So my little hams wiggled and snuggled right up to her, their faces on top of each other as they competed for her affection. Griffin somehow managed to get his entire face smashed into her hands, with just a little bit of tongue poking out of his mouth, while wiggling his whole body, making him the most irresistible dog that ever lived.

She petted them and cooed and gushed about there's no other dog but bulldogs and then she thanked me for stopping and was on her way.

This is not the first time I have had someone brake for bulldogs. When Olivia was just a puppy, an older gentleman was driving by and when he pulled over and starting talking to me from the side of the road, I smiled and chatted politely, thinking it was strange but kind of sweet. When he got out of his car to show me a photo of his long deceased bulldog (that he still carried in his car), I continued to be friendly, but I had my hand in my pocket, prepared for the possibility that I might have to mace him (I didn't have to).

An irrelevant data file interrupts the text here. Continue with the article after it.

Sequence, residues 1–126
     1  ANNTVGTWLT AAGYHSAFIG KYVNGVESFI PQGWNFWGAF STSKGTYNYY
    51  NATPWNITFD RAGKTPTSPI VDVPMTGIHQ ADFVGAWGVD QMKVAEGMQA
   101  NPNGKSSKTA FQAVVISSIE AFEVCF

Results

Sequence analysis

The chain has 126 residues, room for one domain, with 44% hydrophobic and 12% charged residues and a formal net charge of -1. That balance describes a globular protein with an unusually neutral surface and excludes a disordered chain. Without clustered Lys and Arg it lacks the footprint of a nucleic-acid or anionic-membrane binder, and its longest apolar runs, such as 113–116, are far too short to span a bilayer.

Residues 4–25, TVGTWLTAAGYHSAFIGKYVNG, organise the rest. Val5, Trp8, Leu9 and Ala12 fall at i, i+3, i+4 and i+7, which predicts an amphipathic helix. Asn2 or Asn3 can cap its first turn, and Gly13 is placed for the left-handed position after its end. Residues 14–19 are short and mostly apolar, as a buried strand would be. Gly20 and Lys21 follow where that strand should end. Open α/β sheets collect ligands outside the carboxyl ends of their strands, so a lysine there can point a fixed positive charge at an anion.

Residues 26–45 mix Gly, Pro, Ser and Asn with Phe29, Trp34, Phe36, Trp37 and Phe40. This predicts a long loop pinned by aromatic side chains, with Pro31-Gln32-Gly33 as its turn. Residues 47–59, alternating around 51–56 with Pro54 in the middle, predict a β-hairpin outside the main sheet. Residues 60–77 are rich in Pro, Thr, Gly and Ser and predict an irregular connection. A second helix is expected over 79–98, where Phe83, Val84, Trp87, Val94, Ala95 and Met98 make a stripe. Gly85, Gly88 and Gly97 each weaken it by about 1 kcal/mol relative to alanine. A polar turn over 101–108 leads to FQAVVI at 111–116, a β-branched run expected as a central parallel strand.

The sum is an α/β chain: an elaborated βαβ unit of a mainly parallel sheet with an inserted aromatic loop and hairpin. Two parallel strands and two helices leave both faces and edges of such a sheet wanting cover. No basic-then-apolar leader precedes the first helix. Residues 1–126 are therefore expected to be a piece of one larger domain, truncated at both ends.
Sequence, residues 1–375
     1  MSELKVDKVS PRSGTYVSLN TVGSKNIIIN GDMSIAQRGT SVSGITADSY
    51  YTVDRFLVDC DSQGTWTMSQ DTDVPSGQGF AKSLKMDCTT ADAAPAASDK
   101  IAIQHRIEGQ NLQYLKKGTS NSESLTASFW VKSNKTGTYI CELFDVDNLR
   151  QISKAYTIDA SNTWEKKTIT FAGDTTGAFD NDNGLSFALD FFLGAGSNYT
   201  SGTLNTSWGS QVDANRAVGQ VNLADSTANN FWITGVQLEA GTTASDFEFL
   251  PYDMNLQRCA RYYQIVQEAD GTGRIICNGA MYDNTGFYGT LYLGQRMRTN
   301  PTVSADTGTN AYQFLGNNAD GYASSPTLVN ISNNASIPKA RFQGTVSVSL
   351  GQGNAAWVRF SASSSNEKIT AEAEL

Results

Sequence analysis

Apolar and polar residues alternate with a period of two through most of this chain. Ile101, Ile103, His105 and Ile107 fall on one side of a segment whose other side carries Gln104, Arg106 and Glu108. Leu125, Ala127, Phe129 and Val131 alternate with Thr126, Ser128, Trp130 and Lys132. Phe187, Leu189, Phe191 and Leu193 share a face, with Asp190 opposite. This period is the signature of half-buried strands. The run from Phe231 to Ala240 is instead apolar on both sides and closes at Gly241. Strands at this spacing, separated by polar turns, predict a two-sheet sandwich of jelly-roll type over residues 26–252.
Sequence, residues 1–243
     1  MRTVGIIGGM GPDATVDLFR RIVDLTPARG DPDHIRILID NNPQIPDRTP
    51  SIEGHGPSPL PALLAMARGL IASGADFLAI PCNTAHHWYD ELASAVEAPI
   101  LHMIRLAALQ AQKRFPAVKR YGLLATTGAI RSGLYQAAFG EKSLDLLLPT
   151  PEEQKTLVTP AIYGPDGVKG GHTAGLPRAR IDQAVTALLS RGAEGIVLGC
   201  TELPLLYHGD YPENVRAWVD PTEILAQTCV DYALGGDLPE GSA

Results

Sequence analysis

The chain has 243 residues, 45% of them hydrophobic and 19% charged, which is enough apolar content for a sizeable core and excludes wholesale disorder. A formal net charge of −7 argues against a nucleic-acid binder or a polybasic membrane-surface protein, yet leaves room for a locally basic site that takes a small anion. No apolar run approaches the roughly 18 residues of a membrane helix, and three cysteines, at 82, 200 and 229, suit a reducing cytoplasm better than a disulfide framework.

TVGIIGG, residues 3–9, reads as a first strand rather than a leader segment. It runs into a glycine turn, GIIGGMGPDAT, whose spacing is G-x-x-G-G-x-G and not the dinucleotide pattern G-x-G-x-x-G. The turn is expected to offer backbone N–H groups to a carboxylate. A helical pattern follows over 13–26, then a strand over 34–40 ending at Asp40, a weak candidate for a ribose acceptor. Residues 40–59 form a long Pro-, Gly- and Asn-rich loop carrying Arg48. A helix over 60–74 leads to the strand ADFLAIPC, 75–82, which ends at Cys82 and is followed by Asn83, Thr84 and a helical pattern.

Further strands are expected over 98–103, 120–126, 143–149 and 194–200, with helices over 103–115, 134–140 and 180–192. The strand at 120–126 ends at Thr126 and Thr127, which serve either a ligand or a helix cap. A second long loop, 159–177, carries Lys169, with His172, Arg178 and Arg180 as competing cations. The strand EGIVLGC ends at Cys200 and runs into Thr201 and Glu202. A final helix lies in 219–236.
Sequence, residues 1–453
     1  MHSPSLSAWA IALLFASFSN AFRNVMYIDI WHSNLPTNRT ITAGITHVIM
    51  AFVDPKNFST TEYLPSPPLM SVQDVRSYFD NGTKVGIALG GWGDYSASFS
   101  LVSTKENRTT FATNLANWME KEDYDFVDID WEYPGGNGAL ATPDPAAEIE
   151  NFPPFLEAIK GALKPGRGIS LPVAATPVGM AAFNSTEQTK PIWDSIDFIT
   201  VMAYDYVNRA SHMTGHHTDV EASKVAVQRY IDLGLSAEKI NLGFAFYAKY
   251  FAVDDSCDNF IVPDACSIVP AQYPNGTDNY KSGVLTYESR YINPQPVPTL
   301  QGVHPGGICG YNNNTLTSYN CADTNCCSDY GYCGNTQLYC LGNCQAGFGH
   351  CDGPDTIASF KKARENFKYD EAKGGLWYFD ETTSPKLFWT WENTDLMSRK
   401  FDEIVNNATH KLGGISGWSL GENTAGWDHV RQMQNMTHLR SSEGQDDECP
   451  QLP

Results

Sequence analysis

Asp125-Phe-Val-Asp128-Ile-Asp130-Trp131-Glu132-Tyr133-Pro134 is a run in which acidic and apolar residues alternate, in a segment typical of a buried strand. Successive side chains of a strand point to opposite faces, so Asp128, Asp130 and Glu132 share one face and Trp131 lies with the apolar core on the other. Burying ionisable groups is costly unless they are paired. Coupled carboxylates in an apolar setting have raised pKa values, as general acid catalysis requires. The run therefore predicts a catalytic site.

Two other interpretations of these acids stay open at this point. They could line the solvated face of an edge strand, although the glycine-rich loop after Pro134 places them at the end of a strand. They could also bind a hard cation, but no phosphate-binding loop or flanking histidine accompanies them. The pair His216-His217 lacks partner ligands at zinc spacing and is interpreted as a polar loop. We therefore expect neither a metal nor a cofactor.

I understand the power of the bulldog.

Friday, February 4, 2011

Double Escape

It's been a few days since Griffin's great escape and there haven't been any more break outs. Buddha still jumps out regularly, but now he jumps back in the yard just as quickly, and he hasn't gone missing in a long time. So this afternoon when I let the two of them outside, I wasn't worried. Until 2 minutes after I let them out when I went to check on them and the yard was empty.


Neither dog.